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Attention Deficit Disorder Association

A Q&A with Psychologist and ADHD Expert, Russell Barkley

Russell Barkley, Ph.D., a Clinical Professor of Psychiatry at the Medical University of South Carolina, has recently published three new rating scales for evaluating adults for ADHD, deficits in executive functioning and psychosocial impairment in major life activities. Dr. Barkley is also the author of nine books, including his most recent Taking Charge of Adult ADHD. Dr. Barkley agreed to answer a few of ADDA E-News’ questions about these new scales.

Can you describe your new rating scales briefly for our readers?

The Barkley Deficits in Executive Functioning Scale (BDEFS) assesses how lags and gaps in executive functions show up in adults' daily activities. Theoretically based and empirically developed, the BDEFS evaluates self-management relative to time, self-organization and problem solving, self-restraint, self-motivation, and self-regulation of emotion. These have been associated with higher risks for impairment in various major life activities including educational and occupational functioning, social relationships, driving, credit and money management, marital satisfaction, parenting stress, general psychological adjustment, and even risk of psychological morbidity in offspring (or children inheriting a similar disorder).

The Barkley Adult ADHD Rating Scale IV (BAARS-4) assesses adult ADHD symptoms based on the DSM-IV, as well as recollections of childhood ADHD symptoms. The scale surveys the domains of impairment essential to making a diagnosis of ADHD, but it’s the first scale that identifies Inattentive Only adults who have Sluggish Cognitive Tempo (SCT). SCT is a newly recognized attention disorder that, while distinct from ADHD, may overlap in as many as 50% of cases.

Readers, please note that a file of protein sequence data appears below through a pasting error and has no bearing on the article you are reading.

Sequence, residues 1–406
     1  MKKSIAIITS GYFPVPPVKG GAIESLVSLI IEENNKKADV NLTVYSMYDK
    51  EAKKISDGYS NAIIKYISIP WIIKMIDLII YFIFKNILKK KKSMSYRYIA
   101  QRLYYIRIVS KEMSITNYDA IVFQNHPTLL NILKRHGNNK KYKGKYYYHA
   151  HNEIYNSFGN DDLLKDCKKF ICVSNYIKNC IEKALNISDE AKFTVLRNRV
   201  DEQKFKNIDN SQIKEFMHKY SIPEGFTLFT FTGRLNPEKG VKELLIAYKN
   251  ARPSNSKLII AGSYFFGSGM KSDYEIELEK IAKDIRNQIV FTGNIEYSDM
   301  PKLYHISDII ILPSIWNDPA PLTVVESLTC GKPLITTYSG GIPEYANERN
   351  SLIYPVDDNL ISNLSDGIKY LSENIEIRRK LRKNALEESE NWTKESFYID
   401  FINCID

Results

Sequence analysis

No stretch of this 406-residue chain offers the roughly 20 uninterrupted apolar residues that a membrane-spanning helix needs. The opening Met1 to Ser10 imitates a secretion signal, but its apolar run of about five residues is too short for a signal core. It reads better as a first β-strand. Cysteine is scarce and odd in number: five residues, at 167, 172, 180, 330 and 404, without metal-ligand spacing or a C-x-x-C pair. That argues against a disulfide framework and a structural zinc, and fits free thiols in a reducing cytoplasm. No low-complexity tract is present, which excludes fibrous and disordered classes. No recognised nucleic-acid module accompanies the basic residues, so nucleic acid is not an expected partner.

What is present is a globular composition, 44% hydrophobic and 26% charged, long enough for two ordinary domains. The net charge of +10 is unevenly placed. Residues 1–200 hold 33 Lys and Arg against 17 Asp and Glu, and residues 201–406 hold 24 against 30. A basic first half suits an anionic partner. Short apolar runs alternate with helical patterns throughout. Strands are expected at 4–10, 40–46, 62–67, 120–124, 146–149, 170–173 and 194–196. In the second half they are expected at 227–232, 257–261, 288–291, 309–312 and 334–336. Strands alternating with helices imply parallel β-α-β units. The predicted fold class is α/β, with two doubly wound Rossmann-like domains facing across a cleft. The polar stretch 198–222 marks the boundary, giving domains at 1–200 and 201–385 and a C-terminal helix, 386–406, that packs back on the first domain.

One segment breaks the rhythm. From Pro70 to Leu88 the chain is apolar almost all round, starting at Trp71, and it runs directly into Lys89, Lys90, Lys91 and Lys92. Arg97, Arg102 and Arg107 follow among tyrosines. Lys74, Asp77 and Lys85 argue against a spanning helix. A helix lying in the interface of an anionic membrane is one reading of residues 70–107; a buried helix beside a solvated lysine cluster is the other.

I developed the Barkley Functional Impairment Scale (BFIS) for two important reasons. First, in nearly every case, a patient must show clear signs of functional impairment to be diagnosed with a major mental disorder, and therefore qualify for disability. Second, there were very few tools for evaluating functional impairment in adult life activities such as work, education, relationships, home responsibilities, driving, managing money, etc., and none of the existing tools had established norms or acceptable evidence for reliability and validity.

Why did we need new scales for ADHD?

There are several very good rating scales for evaluating ADHD in adults, but none of them contain items for evaluating the newly discovered disorder of attention that researchers call SCT and that clinicians have been calling ADD. Research shows that this attention disorder is more often characterized by staring, daydreaming, spaciness, mental confusion and fogginess, sluggish behavior, a proneness to make mistakes in processing information, lethargy, and hypo-activity among other symptoms. My own recent research indicates this is not a subtype of ADHD but a separate disorder affecting a different aspect of attention. Some researchers are speculating that it may be a form of pathological mind-wandering that interferes with attending to important external tasks, goals, or other activities. A scale is essential to help identify this type of inattention along with that of adult ADHD.